Jayapura, Jubi – Former political prisoner Filep Jacob Samuel Karma said he was concerned about the current situation facing indigenous Papuans. He said currently discrimination is not only being practiced by non-Papuans to Papuans or vice versa, but also among Papuans. He described the situation as a time bomb that is ready to explode at anytime.
“Racism is not only coming from non-Papuans but also emerging among Papuans. We accuse the Indonesians of being racist, but the fact is we are also racist against them. It means we are doing the same thing. Instead of solving the problem, it will trigger a new problem. We don’t have to vengeful. Striking back with violence would not solve the problem but create a new one instead,” stated Karma at Kingmi Synod Office, Jayapura City on Monday (30/11/2015).
He said the state is racist towards Papuans. However, sometimes Papuans who are fighting for their rights also do the same. Rather stopping the racism, he said, Papuans promote it.
“I see this is like a time bomb. When Papua was succeed and Indonesia returns home, the time bomb would be exploded, but I don’t want it going to be happened,” he said.
Karma thought it is a trick played by the Indonesian Government to bring Papuans into a conflict among each other, including the regional extension that recently happened. It is a way to split Papuans.
He further said now the terms such as the highlander and the beach, north and south, or the valley and the coast are rising among Papuans.
“It is not different from the divide and rule politics used in Dutch era. Before I was put in jail, I have told this to Parjal activists whether they saw this situation. I am concerned, if Papua gained independence; there would be a tribal war. If Papuans killed each other, I would regret to fight for its independence,” he said.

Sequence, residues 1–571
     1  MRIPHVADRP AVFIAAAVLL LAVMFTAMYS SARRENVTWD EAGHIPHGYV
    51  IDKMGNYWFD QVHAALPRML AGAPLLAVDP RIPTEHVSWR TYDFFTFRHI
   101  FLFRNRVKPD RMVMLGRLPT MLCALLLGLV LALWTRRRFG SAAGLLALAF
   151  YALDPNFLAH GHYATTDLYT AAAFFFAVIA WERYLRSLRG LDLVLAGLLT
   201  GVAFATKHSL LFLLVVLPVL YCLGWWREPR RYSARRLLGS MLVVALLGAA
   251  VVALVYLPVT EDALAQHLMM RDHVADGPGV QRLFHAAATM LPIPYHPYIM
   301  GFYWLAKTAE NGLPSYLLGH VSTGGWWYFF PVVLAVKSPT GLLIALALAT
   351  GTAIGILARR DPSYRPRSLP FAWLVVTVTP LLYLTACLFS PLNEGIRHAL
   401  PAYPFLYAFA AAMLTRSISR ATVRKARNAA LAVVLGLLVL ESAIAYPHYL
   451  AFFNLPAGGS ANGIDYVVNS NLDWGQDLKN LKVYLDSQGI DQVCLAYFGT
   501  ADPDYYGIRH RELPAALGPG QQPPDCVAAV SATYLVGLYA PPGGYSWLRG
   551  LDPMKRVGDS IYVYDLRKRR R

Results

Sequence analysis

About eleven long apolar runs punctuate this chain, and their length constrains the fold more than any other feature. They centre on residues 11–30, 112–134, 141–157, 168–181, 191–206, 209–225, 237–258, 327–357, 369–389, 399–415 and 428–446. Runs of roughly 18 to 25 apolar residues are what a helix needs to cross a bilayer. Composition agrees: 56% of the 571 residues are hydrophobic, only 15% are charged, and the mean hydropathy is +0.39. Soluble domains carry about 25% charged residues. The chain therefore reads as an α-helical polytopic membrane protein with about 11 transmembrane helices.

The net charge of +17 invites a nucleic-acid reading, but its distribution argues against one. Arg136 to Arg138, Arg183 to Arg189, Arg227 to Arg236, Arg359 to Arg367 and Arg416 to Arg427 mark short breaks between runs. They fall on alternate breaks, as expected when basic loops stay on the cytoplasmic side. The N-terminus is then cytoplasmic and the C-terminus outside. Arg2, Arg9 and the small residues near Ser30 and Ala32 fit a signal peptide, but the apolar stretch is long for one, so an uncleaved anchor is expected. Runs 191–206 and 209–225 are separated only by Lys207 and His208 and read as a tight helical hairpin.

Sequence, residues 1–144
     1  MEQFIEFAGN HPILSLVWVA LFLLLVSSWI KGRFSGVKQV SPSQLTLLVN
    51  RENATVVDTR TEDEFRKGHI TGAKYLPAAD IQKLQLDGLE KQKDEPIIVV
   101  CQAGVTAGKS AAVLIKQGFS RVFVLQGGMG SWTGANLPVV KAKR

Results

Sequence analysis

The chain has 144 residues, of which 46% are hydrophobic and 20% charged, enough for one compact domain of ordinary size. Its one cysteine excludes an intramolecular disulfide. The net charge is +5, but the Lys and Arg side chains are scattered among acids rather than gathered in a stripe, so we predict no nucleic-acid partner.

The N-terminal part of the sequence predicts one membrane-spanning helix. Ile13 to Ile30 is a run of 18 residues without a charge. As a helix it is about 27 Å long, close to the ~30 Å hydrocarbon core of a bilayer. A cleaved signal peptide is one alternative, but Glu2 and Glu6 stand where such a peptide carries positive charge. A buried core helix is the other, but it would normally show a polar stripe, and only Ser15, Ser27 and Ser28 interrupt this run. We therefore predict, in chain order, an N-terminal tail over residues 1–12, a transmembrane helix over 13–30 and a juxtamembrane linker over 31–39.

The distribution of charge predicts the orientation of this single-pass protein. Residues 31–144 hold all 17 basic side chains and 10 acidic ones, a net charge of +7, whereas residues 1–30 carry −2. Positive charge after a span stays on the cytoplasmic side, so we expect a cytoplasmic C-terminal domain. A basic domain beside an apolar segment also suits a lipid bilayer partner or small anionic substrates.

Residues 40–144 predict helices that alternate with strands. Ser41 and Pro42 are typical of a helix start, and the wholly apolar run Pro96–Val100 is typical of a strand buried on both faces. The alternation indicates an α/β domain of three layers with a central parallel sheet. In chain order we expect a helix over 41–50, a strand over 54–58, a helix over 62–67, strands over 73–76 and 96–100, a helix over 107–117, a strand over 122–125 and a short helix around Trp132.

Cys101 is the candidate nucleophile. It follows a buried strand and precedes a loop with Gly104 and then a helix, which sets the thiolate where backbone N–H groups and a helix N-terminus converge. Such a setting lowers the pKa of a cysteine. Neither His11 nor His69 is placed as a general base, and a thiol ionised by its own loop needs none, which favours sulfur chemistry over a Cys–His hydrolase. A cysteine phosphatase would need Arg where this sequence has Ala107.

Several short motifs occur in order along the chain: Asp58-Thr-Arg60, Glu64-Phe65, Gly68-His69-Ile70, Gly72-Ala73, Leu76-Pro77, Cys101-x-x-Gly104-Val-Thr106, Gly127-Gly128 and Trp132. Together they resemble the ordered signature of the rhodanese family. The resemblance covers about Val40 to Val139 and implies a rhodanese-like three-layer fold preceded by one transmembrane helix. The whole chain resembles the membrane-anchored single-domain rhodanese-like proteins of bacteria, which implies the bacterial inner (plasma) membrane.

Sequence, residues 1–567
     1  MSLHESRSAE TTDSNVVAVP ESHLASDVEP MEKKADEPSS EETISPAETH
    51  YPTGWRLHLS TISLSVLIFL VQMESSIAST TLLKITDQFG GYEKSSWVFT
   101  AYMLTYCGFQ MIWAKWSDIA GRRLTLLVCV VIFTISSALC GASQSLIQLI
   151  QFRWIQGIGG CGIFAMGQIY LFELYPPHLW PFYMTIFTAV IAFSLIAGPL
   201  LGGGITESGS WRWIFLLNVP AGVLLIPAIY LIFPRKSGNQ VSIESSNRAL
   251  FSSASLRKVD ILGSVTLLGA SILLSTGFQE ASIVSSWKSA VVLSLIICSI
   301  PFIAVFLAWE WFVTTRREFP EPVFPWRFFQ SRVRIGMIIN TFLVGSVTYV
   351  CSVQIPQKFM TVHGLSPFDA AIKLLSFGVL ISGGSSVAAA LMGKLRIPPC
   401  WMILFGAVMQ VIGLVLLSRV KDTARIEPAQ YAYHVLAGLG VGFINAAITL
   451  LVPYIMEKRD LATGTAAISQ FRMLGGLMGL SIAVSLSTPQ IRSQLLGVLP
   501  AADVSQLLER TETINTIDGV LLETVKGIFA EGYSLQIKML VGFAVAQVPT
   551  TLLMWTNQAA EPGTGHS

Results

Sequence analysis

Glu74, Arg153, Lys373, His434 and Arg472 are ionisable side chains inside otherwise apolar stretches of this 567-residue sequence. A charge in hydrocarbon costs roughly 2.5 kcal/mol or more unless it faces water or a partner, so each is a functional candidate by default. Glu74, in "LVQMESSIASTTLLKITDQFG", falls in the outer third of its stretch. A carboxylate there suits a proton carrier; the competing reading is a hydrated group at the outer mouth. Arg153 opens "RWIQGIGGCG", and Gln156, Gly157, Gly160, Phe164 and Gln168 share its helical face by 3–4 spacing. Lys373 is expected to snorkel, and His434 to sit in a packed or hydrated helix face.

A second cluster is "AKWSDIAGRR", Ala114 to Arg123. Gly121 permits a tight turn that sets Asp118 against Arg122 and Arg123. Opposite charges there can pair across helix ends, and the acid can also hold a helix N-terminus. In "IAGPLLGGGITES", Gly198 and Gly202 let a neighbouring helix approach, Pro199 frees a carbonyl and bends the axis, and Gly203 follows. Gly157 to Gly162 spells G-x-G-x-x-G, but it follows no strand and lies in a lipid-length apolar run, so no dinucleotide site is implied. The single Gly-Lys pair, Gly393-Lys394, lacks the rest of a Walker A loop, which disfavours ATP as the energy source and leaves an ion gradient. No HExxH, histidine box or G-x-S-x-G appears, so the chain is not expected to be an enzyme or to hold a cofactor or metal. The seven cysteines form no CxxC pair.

Karma also thought the prison had been used to silence some activists, especially those who live in Papua. But he reminds them to not be afraid. They must turn on their voice even facing a prison. “If we are still together to build public awareness, we could even destroyed the prison,” he said.
Karma demonstrated his consistency when he was sentenced for 15 years in prison eleven years ago. Although he was behind the bar, he never stops to voice for the injustice against Papuans.
At that time, he said, he just spoke about his aspiration, not the intention of building a new State and yet to meet a criteria of treason. “I was confused why I was charged for treason. The article used to punish me wasn’t appropriate. I admit that I have an intention to it, just it. I am waiting the State to admit its mistake,” he added.
He also refused his release from the prison, but both authorities of Abepura Prison and the Legal and Security Affairs Papua Region forced him to accept this.
The Division Head of Legal and Security Affairs Papua Region, Johan Yarangga, said he was obliged enforcing Karma and everyone who declared officially free from the charge should take their freedom.
“We don’t have any rights to detain people without a legal reference. Mr. Filep Karma is currently free, there is no reason for us to detain him,” Johan Yarangga said during the day Karma was released. (Arjuna Pademme/rom)
West Papua National Liberation Army: It’s an attack, not execution
Jayapura, Jubi – West Papua National Liberation Army (TPNPB) finally spoke up regarding the murder accusation over them. They admitted being responsible for the shooting of people identified as the employees of PT. Istaka Karya that are building the Trans-Papua road.
Agus Mahuze: I wrote ‘SOS Our Earth’ using wood charcoal
Merauke, Jubi – Agustinus Mahuze, Marind native who is a member of the Election Supervisory Agency (Bawaslu) of Merauke Regency, had become public attention when the Indonesian President Jojo Widodo arrived in Merauke on Friday, 16 November 2018.